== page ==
Infoscience

Presentation / Talk

Characterizing the spatial snow depth distribution in mountainous terrain

Spatial snow depth information is an essential component for many applications such as the computation of snow melt rates in hydrologic applications or the energy balance in meteorological or climate models. Due to computational constraints, small-scale distributed modeling is rarely feasible for large regions. This is especially true over mountainous, complex terrain. Sub grid parameterizations for spatial snow depth distributions are therefore particularly valuable in the context of larger-scale applications. Past research has shown that for rather homogeneous landscape units the pre-melt spatial distribution of snow depth can be approximated by a log-normal distribution. Furthermore, seasonally recurring snow accumulation patterns have been reported, mostly shaped by terrain and wind. We focus on heterogeneous landscape units in order to investigate the impact of topographic parameters on sub grid snow depth distribution at peak of winter. Here we analyze a new data set with a particular view on developing a sub grid parameterization of snow depth for operational hydrologic applications and verifying previously developed models. Snow depth data obtained from an airborne laser scanning campaign in the Wannengrat Alpine catchment as well as from a unique opto-electronic scanning data set (Sensor ADS 80, Leica Geosystems) in the larger Dischma catchment (40km2) are used. Both areas are located above Davos, in the eastern Swiss Alps. A sub grid parameterization of snow depths variability at peak of winter will allow to compute snow covered area as a function of spatial melt rates during the ablation period, an issue which is also relevant for the parameterization of sub grid albedos in other large-scale models.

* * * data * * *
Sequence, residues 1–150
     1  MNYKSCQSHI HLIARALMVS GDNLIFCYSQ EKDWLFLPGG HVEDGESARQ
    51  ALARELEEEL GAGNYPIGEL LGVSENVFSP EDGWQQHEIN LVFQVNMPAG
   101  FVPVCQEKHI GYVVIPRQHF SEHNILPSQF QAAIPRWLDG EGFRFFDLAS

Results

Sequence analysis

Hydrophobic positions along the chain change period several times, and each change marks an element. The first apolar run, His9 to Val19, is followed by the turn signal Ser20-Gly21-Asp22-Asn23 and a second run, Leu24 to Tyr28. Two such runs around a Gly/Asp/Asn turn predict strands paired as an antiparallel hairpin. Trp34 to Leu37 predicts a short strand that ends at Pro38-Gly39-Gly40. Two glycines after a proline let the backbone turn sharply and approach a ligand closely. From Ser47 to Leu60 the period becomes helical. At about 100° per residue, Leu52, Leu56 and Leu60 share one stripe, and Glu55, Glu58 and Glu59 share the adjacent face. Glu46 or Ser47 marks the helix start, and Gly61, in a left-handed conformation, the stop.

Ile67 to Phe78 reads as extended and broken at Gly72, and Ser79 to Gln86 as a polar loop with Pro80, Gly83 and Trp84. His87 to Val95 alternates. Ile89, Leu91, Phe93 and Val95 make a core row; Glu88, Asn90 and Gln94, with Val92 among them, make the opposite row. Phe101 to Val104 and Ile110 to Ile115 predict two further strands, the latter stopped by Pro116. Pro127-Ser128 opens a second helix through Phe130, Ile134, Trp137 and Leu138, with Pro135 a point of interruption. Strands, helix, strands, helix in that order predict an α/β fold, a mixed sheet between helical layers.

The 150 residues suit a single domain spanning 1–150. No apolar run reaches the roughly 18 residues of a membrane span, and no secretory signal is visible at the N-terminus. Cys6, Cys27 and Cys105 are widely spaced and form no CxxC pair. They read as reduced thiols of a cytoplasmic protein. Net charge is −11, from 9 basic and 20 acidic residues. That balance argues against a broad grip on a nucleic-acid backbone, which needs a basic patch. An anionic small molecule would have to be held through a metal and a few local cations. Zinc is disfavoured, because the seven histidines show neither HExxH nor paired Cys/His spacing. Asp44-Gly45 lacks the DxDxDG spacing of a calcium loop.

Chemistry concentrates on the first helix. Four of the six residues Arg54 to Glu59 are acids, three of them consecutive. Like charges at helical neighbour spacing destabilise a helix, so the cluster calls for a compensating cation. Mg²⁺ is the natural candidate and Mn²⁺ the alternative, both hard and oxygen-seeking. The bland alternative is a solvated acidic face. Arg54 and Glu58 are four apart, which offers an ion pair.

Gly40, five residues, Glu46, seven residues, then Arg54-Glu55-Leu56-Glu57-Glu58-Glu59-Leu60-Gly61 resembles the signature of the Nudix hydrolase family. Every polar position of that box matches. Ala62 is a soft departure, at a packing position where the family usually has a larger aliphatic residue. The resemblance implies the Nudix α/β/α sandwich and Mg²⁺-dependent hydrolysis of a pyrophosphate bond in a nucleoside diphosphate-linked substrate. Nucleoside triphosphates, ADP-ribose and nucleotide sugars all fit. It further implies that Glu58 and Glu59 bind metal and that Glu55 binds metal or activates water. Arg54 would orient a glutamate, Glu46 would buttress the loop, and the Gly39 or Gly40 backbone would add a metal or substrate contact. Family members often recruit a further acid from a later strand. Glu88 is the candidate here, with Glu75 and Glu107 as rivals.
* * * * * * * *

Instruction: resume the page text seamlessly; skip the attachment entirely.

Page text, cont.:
Reference

    • EPFL-TALK-197631

    Record created on 2014-03-14, modified on 2016-08-09

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